The Key: Pattern Is Movement has been in a pretty serious hibernation since September 2010—just over a year. What led to that decision?
Chris Ward: Well, we had never taken time off. The band had been full-time since 2005. We were either on the road playing shows or conceiving something—conceiving a tour, conceiving a record—since 2005. It was like that for five years. We realized that we had never stayed at home and made a record. We’ve always gone somewhere. We’ve either gone to San Francisco, or we tracked our last record in Charlotte, North Carolina. But it was like, “We’re going to stay home, we’re going to take our time, and we’re going to track this record by ourselves. We’re not going to rush it.” It’s just, let’s make a record without tons of shows and stuff like that.
TK: So the band didn’t actually take any time off? You’ve just been working the whole time?
CW: Oh yeah. I never actually looked at it that way. It definitely wasn’t a hiatus. During that time, we were making a record. On tumblr I posted videos of being in the studio and tracking the record. And on our Facebook I mentioned it and stuff.
TK: According to the band’s tumblr, you finished recording the album in mid-March, then starting mixing in late May, and finished mixing in mid-June—which was the last update on the website.
CW: Yup. We mixed it in like the middle of the summer. I’m actually one of the engineers on the record, the other engineer is David Downham. We were mixing it together and there were some elements that weren’t working for me. The thing that came up the most was the bass. I thought the bass could use some work. So we took some time to talk about bass sounds and then we found this software program called Trilian that actually samples bass guitars and synthesizers. We started writing the bass lines with that and it’s transformed the record.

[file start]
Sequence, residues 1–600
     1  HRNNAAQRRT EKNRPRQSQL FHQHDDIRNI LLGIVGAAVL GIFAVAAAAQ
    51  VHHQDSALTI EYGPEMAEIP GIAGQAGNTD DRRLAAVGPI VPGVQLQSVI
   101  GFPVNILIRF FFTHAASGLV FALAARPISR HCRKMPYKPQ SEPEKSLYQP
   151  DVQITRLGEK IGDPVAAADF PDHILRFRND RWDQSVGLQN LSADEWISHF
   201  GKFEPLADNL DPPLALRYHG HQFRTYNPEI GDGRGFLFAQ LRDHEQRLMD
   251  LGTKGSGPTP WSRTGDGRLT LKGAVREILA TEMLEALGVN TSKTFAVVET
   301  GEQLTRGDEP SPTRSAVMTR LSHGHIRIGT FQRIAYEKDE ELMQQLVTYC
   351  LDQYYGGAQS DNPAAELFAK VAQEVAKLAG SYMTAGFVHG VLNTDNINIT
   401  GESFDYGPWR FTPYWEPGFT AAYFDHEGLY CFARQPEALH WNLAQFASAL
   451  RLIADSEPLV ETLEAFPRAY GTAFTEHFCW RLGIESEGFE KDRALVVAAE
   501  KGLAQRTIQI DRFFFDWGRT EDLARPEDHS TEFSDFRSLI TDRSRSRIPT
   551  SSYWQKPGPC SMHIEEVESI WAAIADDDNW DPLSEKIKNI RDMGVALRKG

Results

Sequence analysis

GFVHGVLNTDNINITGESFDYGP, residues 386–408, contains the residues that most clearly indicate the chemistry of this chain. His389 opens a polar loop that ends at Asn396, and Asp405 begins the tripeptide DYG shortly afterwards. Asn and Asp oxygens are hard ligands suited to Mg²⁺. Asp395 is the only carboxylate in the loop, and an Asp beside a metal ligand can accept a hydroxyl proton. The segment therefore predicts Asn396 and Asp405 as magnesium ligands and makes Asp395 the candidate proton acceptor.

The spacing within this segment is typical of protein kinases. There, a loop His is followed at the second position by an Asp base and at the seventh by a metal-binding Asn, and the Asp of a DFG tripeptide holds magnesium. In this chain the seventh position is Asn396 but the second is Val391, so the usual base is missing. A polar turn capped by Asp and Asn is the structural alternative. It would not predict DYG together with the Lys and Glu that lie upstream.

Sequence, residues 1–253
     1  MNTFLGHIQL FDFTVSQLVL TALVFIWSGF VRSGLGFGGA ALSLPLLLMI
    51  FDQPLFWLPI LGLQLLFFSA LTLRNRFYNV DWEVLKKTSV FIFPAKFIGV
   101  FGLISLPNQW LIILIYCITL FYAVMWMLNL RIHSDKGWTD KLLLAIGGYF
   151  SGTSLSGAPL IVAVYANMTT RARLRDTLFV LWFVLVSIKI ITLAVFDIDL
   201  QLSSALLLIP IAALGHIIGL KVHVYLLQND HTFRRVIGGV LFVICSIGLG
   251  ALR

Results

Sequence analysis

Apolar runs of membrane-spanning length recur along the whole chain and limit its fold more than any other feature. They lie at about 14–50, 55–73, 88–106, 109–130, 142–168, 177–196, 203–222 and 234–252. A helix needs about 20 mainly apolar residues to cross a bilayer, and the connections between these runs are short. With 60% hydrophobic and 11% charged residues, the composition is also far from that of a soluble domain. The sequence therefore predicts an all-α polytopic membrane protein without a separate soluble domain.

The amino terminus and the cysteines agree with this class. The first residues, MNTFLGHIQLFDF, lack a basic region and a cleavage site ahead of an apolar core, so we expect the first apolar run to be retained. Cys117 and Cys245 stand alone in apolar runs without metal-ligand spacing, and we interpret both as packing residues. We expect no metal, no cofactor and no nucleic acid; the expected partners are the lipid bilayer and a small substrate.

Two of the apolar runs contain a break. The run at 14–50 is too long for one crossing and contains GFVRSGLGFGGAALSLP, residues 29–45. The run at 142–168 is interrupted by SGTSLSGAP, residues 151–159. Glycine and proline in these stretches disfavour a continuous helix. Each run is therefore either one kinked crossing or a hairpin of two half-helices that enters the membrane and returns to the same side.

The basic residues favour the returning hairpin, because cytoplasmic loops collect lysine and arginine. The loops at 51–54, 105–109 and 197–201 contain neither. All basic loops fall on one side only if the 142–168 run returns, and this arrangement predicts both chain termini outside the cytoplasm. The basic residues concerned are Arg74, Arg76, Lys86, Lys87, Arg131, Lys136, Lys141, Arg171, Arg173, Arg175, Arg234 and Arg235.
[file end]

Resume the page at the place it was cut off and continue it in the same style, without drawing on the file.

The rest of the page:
TK: It sounds like you’ve been giving yourselves plenty of time to work things out.
CW: That’s essentially what we wanted this process to be. Let’s figure out what we want this record to be, rather than rushing it to the label, or rushing it to the people. Let’s just take some time, because every record we’ve ever done has been like, “We’ve got to finish it by this date because we want to go back out on the road. We’ve got to do this, we’ve got to do that.” Which is great, but we’ve never taken any time to make a record and let it, for lack of a better word, marinate. Just sit for a while. And that’s what happened. We took our time over the summer. Andrew and I are saying we’re about 90% there. Now we just need to finish the bass tracking and then kind of tweak the songs and we’re done. That’s it. I mean, the songs are done. It’s really just the bass guitar.
TK: How long had the new songs been in the works before you first started recording?
CW: Andrew would know that better, because he’s generally the main songwriter. But I think like 2010.
TK: So you were already working on them before you went into full-on songwriting/hibernation mode?